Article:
Bad news about things nuclear.  On Jan. 6, North Korea announced that it had had exploded an H-bomb (1000 times more powerful than the atom bomb).  The US response was not to worry because it probably was not an H-bomb, and besides they can’t miniaturize their weapons enough to put them on a missile. (The Koreans also claim that they have a 3 stage missile that can hit California.)  But they don’t need a big weapon because the uranium and plutonium is already right here: almost 2,000 tons of it sitting above ground a few hundred feet from I-5 in San Onofre.  Meanwhile, a lead front page story in the NYT describes how the US wants to build a new class of “small” maneuverable nuclear bombs to provide more options for those who see small nuclear war as an option when they don’t want to start a large nuclear war. (The US is one of the few countries that refuses to sign a “no first use” pledge.)  The assumption is that enemies would accept a small nuclear attack and not retaliate with large weapons, the only kind most countries have (for the moment).  This new option makes the use of nuclear weapons more attractive to commanders (and people like Donald Trump) who think we can bomb out way through issues abroad.  Now you can all feel safer.  Would the US (and other countries) target population zones?  You bet.  The National Archives just released a detailed target list for US bombers carrying nuclear weapons during the cold war.  The 800 page document gives the code names for each target and makes it clear that the purpose was total annihilation of entire cities (179 nuclear bombs were to be dropped on Moscow alone). The idea was that mass killing of civilians would lower enemy morale and lead to a shorter war.  This is the same theory used by the US in World War II when the purpose was to carpet bomb (or atom bomb) populated areas and kill as many civilians as possible:

Turning to nuclear power plants, a new study by the Nuclear Threat Initiative reports that nuclear material stored in 20 countries is an easy target for cyberattacks.  Most nuclear power plants have a modest security force intended to defend against physical forces such as a small number of armed intruders.  They have no defense against high explosives, missiles, drones, truck bombs and according to the report many are not defended against cyber attacks like the Stuxnet worm that the US and Israel used against Iran.    And now the energy department is talking about building many smaller nuclear power plants that could be placed closer to population centers where electric demand is high.

Greed, Inc.  When we hear about economic inequality, references are often made to celebrities like Warren Buffet, Bill Gates, Donald Trump, and Sheldon Adelson.  But Stanford economics professor Nicholas Bloom recently published a paper analyzing the gains of hundreds of thousands of corporate executives who represent 0.25% of the work force.  In this rarified circle, their pay has skyrocketed 140% compared to a 5% drop for the rest of the employees in their company.    JP Morgan Chase decided to that their CEO Jamie Dimon was not being paid enough so they raised his compensation to $27 million, a 35% raise over 2015. Anyone else get a 35% raise?  DuPont continues its decades-long effort to hide the dangers of obscure chemicals and bamboozle regulators into permitting toxic pollution of perfluorooctanoic acid which it dumps into rivers.  Meanwhile, DuPont is firing 1,700 workers in anticipation of its merger with Dow Chemical.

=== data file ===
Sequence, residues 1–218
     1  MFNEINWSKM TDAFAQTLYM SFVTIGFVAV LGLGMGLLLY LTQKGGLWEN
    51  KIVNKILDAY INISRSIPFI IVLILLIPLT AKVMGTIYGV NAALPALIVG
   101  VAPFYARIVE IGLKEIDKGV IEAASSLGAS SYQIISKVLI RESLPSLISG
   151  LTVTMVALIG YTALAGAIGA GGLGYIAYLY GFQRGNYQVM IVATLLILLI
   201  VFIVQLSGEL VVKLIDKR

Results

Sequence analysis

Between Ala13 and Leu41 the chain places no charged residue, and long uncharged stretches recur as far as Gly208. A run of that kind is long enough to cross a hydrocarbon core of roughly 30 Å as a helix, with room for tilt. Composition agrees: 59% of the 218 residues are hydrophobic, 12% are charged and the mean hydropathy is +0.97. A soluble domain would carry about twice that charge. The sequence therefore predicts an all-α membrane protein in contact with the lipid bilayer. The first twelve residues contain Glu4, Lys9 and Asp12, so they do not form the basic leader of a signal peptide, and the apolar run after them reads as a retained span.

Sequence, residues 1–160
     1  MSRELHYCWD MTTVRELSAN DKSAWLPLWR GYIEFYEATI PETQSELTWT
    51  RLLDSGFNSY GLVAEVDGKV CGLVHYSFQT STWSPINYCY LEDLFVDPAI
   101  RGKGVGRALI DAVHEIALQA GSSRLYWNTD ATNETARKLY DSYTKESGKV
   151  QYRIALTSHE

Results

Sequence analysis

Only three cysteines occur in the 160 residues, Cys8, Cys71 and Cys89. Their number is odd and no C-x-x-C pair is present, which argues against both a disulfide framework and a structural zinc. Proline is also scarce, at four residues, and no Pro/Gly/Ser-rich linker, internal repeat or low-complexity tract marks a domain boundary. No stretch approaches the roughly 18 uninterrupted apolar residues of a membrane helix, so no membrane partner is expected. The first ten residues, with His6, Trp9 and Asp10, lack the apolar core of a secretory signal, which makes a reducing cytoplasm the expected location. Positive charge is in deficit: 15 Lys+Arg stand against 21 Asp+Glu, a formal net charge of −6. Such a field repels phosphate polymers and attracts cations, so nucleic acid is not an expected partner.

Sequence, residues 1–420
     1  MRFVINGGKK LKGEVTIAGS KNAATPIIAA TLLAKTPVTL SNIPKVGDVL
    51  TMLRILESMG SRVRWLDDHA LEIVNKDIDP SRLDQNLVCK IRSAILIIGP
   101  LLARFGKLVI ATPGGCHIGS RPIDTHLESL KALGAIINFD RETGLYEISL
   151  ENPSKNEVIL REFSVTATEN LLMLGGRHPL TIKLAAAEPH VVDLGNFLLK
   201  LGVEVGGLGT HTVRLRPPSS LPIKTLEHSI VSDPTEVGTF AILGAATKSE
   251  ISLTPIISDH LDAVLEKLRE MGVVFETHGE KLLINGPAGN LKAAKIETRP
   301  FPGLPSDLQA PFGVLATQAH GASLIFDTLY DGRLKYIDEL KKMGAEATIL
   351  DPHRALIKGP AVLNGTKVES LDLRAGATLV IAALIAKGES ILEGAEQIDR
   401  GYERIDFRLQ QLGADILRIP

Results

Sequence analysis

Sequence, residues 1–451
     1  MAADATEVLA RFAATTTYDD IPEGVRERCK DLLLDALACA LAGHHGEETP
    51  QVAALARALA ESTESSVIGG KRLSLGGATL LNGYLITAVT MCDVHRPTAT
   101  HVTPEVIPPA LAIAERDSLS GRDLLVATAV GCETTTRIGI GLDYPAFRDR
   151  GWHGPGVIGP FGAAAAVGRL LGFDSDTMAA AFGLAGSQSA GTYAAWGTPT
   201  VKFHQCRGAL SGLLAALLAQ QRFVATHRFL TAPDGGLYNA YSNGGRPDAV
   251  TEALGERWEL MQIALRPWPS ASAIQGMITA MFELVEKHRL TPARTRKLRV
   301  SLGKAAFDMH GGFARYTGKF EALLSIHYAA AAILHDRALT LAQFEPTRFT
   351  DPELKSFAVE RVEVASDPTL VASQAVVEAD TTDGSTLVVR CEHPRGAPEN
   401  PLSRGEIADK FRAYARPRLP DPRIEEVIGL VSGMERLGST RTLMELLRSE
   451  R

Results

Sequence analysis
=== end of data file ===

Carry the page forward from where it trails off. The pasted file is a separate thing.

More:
In California, the utilities (esp. PG&E)  are lobbying furiously with the California Public Utilities Commission (CPUC) to discourage people from installing solar energy.  The CPUC, supposedly representing the interests of the public, has begun siding with the industry against the public and against the goal of providing more clean energy for California.  The CPUC is also being sued because it refuses to disclose 65 emails to the governor’s office with regard to the settlement over who pays for the costs of the San Onofre failure (the settlement ended up letting Edison off the hook while soaking rate-payers for 70% of the costs).  Meanwhile, prosecutors have charged PG&E with 28 felony counts of pipeline safety code violations and obstruction of justice with regard to the San Bruno pipeline explosion which killed 8 people and destroyed 38 homes. And what about the “mini-Chernobyl” methane gas leak at Porter Ranch?  And what will the governor of Michigan do about everyone who has permanent brain damage from lead in Flint, Michigan drinking water?  And now we have the yogurt wars: Chobani says that Dannon and Yoplait are putting unhealthy sucralose and potassium sorbate in their diet yogurts and misleading customers into thinking that they are actually health food.

Recipe. By popular demand, there have been numerous requests for the recipe of White Chocolate Cranberry Bread Pudding which was generously contributed to our pot-luck holiday party in December. So here goes:

1 loaf of Texas toast (or Italian Pantone or Irish soda bread in which case you omit the sugar)
1 cup of fresh whole cranberries, rinsed, no chopping
1- 12 oz. bag of white chocolate chips
3 eggs
1 cup of whole milk plus 1 cup of heavy cream
½ cup sugar
Cube the bread, combine with cranberries, chocolate chips and sugar